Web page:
[edit] Personal opinion but intuition should be way more important that logic for hacking on the fly situations where you don't have the time to properly analyze the system.
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Yerameyahu
post Mar 28 2011, 06:57 PM
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Yeah, that was one of the options in the last thread about this exact topic. (IMG:style_emoticons/default/wink.gif) Just teasing, Epicedion. Anyway, I think it's worth playtesting: it's an existing mechanic (skill+stat+gear), everyone likes more dice, no luck-capping, and people can *choose* whether to invest in karma or nuyen (or both). Possibly, you'd need to adjust a few specifics (Stealth, of course).
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Adarael
post Mar 28 2011, 06:58 PM
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It has been my experience that Logic is a dump stat for every single character except technologists, except when characters wish to actually know something. I like that, in SR4, a Street Sam or Decker can be a zen type who knows everything he has to via street channels, and has no use for "book learning" save for those times when they need to have technical or academic knowledge. I see no problem with logic being a dump stat, personally, because it is only a dump stat until a player wished they'd invested those points in Hardware, Software, or Matrix Data Structures.

Which, in my games, they tend to do immediately after being foiled by a particularly nasty lock, custom program, or matrix loopback technique. Perhaps I weight knowledge skills as more useful than other GMs, but research and knowledge play a huge portion of the Success Pie of my runs. I cannot easily imagine a runner team breaking into a facility to steal something without having some logic-heavy folks do research into that company's security methods & tech, and then devising run-specific ways of defeating them. Anything less is likely to devolve into a running firefight. And if that's what you're after, it's a good thing you don't have to waste points on logic instead of having a combat hacker with gun skills out the ass.

Or that's how I see it, anyway.
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Epicedion
post Mar 31 2011, 05:12 AM
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I just noticed something about this that I missed when I was writing it.

While an Attribute + Skill + Program roll might be more in-line with some of the other Attribute + Skill + Gear rolls that pop up in the rules, setting X number of hits per program rating means that Edge can't be used to explode the extra Program "dice." Your dice pool for Logic 5, Hacking 5, Exploit 5 isn't 15. It's 10. The Exploit 5 provides 3 free hits (or 2, or however you would run it like this assuming you ever would), but it's not 5 dice that could potentially turn into exploding 6's when you spend Edge.

I kind of like that idea -- gear giving some static bonus based on its rating, as opposed to a more variable result from talent, skill, and luck. The idea that X rated gear is worth this much, some quantifiable amount that doesn't change on you. A rating 6 device might be worth 6 hits, or no hits, or 12 hits with Edge, but if you ever tried to measure something with a vernier caliper you wouldn't be prepared to get a hyper-accurate, moderately accurate, or wildly inaccurate result based on luck. You'd expect a specific amount of precision based on the manufacture of the tool.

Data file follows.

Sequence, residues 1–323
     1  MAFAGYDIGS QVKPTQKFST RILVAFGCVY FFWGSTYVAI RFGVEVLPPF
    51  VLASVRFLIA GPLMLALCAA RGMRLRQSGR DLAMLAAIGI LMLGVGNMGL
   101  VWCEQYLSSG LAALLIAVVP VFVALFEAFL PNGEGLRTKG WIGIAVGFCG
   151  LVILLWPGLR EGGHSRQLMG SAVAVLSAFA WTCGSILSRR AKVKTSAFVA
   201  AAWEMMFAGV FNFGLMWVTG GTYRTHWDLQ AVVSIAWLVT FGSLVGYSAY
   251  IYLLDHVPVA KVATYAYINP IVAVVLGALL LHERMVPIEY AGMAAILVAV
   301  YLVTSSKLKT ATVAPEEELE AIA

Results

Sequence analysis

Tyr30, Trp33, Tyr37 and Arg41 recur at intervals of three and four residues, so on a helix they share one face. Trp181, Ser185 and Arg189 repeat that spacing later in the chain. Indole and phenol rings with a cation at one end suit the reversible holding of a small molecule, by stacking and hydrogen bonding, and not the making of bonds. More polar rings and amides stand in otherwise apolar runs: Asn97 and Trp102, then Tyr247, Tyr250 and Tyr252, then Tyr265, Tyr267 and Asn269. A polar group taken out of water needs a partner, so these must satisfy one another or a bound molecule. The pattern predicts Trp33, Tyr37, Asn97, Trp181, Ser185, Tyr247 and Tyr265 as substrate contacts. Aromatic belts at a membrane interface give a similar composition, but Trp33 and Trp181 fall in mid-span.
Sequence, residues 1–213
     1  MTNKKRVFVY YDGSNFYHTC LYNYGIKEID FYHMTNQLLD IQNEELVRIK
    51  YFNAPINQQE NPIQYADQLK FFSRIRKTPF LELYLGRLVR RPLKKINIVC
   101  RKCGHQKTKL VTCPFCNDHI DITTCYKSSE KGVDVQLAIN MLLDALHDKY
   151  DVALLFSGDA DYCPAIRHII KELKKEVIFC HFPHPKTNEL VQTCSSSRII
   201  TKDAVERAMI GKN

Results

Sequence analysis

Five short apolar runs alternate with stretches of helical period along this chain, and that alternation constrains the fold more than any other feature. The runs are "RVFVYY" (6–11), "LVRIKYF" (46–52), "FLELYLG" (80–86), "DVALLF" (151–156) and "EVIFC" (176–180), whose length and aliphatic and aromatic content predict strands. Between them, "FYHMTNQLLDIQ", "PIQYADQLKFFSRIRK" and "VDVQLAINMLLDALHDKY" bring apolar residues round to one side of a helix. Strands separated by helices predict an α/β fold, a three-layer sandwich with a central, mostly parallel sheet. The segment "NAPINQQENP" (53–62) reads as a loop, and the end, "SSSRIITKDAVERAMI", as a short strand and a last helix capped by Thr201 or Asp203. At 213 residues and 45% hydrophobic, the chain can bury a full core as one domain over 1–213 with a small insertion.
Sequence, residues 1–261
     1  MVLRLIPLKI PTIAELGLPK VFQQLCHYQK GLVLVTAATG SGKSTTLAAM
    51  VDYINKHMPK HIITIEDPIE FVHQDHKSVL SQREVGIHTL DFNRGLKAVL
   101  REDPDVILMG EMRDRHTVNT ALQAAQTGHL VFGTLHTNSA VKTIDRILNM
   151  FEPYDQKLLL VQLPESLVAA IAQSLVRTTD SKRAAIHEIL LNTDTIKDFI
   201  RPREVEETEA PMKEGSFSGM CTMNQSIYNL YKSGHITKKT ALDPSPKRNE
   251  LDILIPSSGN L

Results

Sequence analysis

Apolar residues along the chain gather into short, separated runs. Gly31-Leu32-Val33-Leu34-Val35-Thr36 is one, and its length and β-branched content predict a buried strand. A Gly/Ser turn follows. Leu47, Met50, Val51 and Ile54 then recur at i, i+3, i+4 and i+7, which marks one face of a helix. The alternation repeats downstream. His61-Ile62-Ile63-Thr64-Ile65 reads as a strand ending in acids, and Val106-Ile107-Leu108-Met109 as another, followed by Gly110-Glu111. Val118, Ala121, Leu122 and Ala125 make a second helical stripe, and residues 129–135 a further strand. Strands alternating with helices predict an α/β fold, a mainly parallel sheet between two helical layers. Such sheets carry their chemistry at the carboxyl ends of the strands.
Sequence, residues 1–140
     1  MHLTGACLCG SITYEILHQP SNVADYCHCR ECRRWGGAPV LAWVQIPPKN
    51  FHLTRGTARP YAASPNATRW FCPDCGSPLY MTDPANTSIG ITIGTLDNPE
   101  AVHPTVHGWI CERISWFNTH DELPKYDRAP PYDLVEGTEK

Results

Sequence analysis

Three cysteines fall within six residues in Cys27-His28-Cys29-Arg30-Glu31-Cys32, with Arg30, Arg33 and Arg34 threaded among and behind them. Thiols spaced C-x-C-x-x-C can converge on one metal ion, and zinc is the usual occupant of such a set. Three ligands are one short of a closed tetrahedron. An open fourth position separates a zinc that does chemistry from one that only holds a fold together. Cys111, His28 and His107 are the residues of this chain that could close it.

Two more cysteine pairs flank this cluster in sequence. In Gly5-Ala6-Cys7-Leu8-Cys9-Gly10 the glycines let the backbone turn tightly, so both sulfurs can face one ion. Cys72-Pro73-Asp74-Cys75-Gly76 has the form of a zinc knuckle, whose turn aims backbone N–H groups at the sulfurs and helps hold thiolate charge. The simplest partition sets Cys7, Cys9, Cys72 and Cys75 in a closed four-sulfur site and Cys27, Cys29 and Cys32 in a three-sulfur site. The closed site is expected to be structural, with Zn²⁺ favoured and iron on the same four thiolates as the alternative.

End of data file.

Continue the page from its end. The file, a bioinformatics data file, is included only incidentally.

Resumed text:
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Yerameyahu
post Mar 31 2011, 05:20 AM
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On the other hand, the odds of exploding sixes giving you as many hits as the free autohits aren't high. Exploding sixes simply aren't a big deal; the power of Edge is rerolling, or +Edge dice (depending on the exact stackup).
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Epicedion
post Mar 31 2011, 06:13 AM
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I was more commenting on the static nature of what you might in reality expect from your tools.
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Yerameyahu
post Mar 31 2011, 01:19 PM
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Hehe. It's an interesting philosophical point.
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sabs
post Mar 31 2011, 01:27 PM
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Letting Hackers buy successes to accomplish basic tasks also speeds up the hacking rules.
If you're going to do stat+skill+program you need to relook at system+firewall, and how stealth works.

btw, intuition+computer+analyze is not a bad grouping for matrix perception tests. It makes Intuition have a purpose. You can even roll willpower into for certain things. Willpower+Hacking+attack (IMG:style_emoticons/default/wink.gif) for example.
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Yerameyahu
post Mar 31 2011, 01:35 PM
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Are you teasing, sabs? That doesn't make sense, why would Willpower be involved in using a computer? (IMG:style_emoticons/default/smile.gif) You've got it for Stun damage resistance, sure, but using an Attack program?
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sabs
post Mar 31 2011, 01:43 PM
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I am teasing (IMG:style_emoticons/default/wink.gif)

Although willpower is your ability to focus and concentrate, it's also very much part of mental combat. Perhaps Matrix Combat is mind on mind. (IMG:style_emoticons/default/smile.gif)